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A 5.0kg object slides 2.0m down a smooth plane. Find its potential energy and component of weight parallel to the plane [closed]

1 vote

A 5.0kg block of ice is at rest at the top of a smooth inclined plane. The block is released and slides 2.0m down the plane. Assuming there is no friction between the block and the surface, calculate:
1. The gravitational potential energy at the top of the plane,
2. The component of the weight parallel to the plane,
3. The acceleration of the block,
4. The velocity of the block at the bottom of the plane,
5. The kinetic energy at the bottom of the plane.

Since there's no friction, the change in potential energy will be equal to the kinetic energy at the end. Am I right in thinking that the work done on the block is also equal to the kinetic energy gained by the block?

If so, that gives:
$$W = E_k = \Delta E_p$$
$$F \cdot s \cdot \cos\theta = \frac{m \cdot v^2}{2} = m \cdot g \cdot \Delta h$$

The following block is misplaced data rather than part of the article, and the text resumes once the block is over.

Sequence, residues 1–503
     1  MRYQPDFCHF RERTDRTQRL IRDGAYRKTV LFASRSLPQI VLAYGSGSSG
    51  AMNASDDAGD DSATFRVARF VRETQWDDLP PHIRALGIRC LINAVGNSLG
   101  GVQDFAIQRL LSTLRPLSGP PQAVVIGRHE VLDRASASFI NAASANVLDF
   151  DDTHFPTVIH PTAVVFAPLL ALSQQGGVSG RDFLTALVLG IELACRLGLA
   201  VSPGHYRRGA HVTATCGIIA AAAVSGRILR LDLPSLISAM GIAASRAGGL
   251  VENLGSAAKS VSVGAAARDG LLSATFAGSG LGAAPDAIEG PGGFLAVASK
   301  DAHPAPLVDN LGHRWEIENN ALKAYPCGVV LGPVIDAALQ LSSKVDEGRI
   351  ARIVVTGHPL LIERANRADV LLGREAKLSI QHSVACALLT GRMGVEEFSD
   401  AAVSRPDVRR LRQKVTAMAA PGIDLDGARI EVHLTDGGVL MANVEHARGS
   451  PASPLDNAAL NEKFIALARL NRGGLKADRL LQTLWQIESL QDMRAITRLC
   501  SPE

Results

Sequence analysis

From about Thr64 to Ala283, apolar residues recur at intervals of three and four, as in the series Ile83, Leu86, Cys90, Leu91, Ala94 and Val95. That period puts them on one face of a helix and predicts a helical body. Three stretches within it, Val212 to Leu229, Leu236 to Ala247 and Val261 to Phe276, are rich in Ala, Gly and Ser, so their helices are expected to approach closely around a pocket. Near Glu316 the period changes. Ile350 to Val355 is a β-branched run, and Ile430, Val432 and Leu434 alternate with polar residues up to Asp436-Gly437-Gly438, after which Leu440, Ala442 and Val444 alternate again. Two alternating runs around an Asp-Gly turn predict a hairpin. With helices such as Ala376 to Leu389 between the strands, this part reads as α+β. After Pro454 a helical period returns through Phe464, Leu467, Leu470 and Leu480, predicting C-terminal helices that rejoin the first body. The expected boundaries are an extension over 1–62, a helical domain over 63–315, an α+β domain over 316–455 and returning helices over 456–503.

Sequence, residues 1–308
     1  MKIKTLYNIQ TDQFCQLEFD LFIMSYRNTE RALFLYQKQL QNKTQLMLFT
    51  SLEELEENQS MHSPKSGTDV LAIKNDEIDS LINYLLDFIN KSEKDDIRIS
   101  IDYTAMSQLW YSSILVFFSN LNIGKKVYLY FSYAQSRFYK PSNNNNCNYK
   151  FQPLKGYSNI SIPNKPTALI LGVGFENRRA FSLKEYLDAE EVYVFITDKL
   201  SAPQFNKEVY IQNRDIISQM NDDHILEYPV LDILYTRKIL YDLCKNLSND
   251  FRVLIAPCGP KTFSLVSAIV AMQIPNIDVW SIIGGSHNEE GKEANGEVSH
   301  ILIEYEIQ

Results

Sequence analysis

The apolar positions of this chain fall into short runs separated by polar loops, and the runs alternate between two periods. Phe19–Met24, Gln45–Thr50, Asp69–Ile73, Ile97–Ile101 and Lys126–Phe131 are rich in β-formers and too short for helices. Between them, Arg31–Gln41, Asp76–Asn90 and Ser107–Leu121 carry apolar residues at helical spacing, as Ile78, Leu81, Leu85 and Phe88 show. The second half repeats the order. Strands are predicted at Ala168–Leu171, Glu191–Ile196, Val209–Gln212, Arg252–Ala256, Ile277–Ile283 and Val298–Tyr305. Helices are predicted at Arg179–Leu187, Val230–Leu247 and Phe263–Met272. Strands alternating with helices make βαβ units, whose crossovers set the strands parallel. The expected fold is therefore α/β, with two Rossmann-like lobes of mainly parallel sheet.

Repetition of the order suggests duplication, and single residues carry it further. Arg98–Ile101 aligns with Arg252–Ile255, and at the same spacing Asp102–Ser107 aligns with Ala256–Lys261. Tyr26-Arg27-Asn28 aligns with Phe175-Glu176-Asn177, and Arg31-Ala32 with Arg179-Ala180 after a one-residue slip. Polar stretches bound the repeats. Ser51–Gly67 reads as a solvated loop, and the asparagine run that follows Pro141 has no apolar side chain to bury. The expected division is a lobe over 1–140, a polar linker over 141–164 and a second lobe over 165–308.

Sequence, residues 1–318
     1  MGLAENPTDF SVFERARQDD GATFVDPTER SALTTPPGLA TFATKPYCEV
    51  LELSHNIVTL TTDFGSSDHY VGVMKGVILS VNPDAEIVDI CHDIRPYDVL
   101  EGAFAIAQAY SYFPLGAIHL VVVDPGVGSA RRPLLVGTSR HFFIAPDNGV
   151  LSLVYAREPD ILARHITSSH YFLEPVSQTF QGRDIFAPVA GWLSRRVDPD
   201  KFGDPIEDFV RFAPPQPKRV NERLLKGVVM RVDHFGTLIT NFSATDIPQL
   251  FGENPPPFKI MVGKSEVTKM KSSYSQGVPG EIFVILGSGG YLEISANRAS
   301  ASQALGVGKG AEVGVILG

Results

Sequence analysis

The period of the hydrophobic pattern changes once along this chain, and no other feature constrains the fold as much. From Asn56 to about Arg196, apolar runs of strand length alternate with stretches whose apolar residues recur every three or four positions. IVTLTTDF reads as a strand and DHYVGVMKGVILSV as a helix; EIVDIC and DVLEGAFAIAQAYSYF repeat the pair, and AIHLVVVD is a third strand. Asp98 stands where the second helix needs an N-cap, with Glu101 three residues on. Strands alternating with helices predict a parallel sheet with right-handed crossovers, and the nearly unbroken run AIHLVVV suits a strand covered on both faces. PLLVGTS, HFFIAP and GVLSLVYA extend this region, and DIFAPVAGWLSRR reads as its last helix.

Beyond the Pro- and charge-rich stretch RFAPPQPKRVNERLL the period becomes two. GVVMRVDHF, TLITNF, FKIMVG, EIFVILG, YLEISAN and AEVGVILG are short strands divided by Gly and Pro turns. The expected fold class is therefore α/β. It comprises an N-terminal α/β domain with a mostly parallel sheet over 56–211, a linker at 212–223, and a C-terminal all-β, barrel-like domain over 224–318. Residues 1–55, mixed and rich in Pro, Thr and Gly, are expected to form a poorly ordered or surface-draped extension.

Substituting in values gives:
$$98.1 \cos \theta = 2.5v^2 = 49.05 \Delta h$$
Without knowing the angle the slope is on, I'm not sure where to go from here.

I've been assuming that the block travels at an angle, 2 metres down the slope. Perhaps it goes down 2 metres vertically?
$$49.05 \cdot s \cdot \cos \theta = 2.5v^2 = 98.1$$
This would help with parts 1, 4, and 5; but I wouldn't know how to answer parts 2 and 3.

closed with the note: Insufficient information.
asked Sep 7 in Physics Problems by L 111 (110 points)
closed Sep 25 by sammy gerbil
Yes, without friction the gain in KE equals the loss in gravitational PE.

The wording of the question implies that the 2.0m is measured along the incline. However the angle of inclination $\theta$ is not given so it is not possible to calculate the loss in gravitational PE.

Without a value for $\theta$ you cannot answer parts 2 and 3 either. None of the 5 parts can be answered without $\theta$. The question is faulty. Essential information is missing.